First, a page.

It’s a challenge to learn something entirely new. Something you’re not familiar with and have nothing to relate it to. But each new task gets easier the more familiar it becomes. It really does.
Knowledge is learned. Skills can be learned and practiced. If you pursue them enough, the tasks that you do with this knowledge and these skills become easier because the knowledge and skills become more familiar. With the acquired knowledge and skill, you gain an understanding of the task at hand. There’s that “Ah-hah” moment when things click into place and you get it.
A year ago, I was pursuing being traditionally published. I had no desire to be self published. No way was I going to hassle with that! I had no idea that in a few short months, I would decide to ignore my fear and learn how to self publish on Amazon through Kindle Direct Publishing.
There was a learning curve. There’s a great deal of information that must be navigated. Kindle Direct Publishing (KDP) has very thorough directions on its website. There are also numerous tutorials on YouTube on how to publish on Amazon with KDP. There is also a myriad of information on the internet that’s posted by not only KDP, but other people and companies advising the reader how to publish through KDP. With perseverance, I was able to navigate through this. I started with video tutorials that were put on YouTube by KDP. Then as I used KDP to publish, when I got stuck, I “Googled” my question. My searches brought many, many responses. I chose the items that were from KDP.
The tutorials gave me a good foundation and then I learned as I went along. It gets easier as you go, as you get more familiar with the process. On March 26, 2021, I published my sixth book in Kindle format to Amazon through KDP. I sailed through Kindle Create and my book turned out looking just the way I wanted it to look. Kindle Create formats your manuscript for Kindle. I also learned to use KDP’s Cover Create, which assists authors in designing their book covers. Again, following tutorials, I learned how to format my manuscripts in Word and publish my books as paperbacks on Amazon.
It took time, but I did it. These are skills; skills can be learned and practiced.
Early on in this endeavor, I decided to register my writing with the Copyright Office. Again I used tutorials on YoutTube. I used the tutorials that the Copyright Office has on YouTube, although tutorials that people not affiliated with the Copyright Office are there as well, both on YouTube and in written format on the internet.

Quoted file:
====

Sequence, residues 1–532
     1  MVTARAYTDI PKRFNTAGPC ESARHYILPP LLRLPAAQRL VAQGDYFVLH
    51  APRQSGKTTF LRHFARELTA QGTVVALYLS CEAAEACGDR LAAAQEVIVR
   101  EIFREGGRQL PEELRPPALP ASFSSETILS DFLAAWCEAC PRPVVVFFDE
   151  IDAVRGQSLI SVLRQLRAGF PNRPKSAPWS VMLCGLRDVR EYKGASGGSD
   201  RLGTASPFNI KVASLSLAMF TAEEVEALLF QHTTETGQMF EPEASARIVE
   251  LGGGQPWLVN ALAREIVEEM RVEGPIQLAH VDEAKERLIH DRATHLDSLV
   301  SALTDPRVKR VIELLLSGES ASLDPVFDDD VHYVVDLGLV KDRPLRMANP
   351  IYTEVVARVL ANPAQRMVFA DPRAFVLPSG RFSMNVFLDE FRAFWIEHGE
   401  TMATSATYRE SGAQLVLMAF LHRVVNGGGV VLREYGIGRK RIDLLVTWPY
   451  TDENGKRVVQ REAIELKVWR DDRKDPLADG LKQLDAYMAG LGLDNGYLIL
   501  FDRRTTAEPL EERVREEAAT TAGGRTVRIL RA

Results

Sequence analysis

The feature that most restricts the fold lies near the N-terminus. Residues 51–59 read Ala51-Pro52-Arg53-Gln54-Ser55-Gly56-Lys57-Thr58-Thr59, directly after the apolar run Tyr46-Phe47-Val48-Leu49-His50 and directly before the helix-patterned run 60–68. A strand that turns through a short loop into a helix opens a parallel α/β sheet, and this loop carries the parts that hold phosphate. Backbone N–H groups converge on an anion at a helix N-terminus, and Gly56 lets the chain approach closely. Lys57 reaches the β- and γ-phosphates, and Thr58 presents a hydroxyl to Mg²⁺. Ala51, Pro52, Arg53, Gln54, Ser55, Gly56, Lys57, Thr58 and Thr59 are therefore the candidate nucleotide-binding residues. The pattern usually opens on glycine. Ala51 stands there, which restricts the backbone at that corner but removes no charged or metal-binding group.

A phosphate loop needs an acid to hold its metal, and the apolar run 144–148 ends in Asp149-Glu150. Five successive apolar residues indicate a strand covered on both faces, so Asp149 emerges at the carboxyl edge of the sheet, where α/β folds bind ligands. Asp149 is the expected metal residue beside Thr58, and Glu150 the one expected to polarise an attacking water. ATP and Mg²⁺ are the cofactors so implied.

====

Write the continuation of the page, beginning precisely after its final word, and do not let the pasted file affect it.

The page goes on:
The last thing I wanted was a website. Initially, I was going to pay someone to design one for me. I’d had a book on WordPress for beginners for some time, but had put it aside. Fear that I couldn’t do it had gotten the best of me. But, then I thought, “I learned how to use KDP and I learned how to copyright my writing. Maybe I can learn how to create my own website. So despite my apprehension, I did it. In less than a week, I had a website that I had created.
As I pursued it and played around with the website, the more I learned and understood.
And then I arrived at the point where I wanted more flexibility in creating my book covers than what I was able to do in Kindle Cover Create. Make no mistake, Cover Create is an excellent tool. I was able to create beautiful covers in this functionality. It gave me a good foundation in creating my own covers and the desire to be able to do more. But, KDP gives you templates, you are limited in what you can do. Although you have the choice whether to use their images or upload your own images, you are limited to certain places where you can put the text on your front cover. So you have to keep that in mind when choosing an image for the front cover. You don’t want the title c covering or blocking anything you don’t want covered or blocked.
In a workshop on self publishing, I found out about the GNU Image Manipulation Program (GIMP). Like Photoshop, it is a photo editing program; unlike Photoshop, it is free. Even though the workshop instructor told me there was a “steep learning curve,” I was convinced I could do it. “After all,” I told her, “I read a book and learned how to build my own website in WordPress.”
To which she replied, “WordPress is so much easier than GIMP.
After the workshop was over for that day, I promptly downloaded GIMP. I quickly found out there was a steep learning curve, even with the tutorials I found on the internet. So many times during the first few days that I was struggling to learn this program I wanted to give up. But the more I pursued it, the more invested I became in it and the less willing I was to give up.
After a week, I’d created an eBook cover. Then I was able to create a paperback cover, although I didn’t quite remember what steps I’d taken after it was done. But I kept persevering. I’d come too far to give up.
At the two-week point, I had created three book covers and a greeting card. It’s finally fallen into place for me. I have a good, basic understanding that will allow me to do what I want to do with this program – create book covers.
There is still a great deal more that can be done with GIMP that I don’t know yet. I still make mistakes and have to “play around” with each project to get it to be the way I want it to be. But now that I’m familiar with the program and the terminology it uses, I can look up what I need to do in the help function and also on the internet.
I am amazed at how much I accomplished between September 2020 and June 2021. I never thought I could be so focused and self directed.
I firmly believe that we are all capable of much more than we realize – until we challenge ourselves.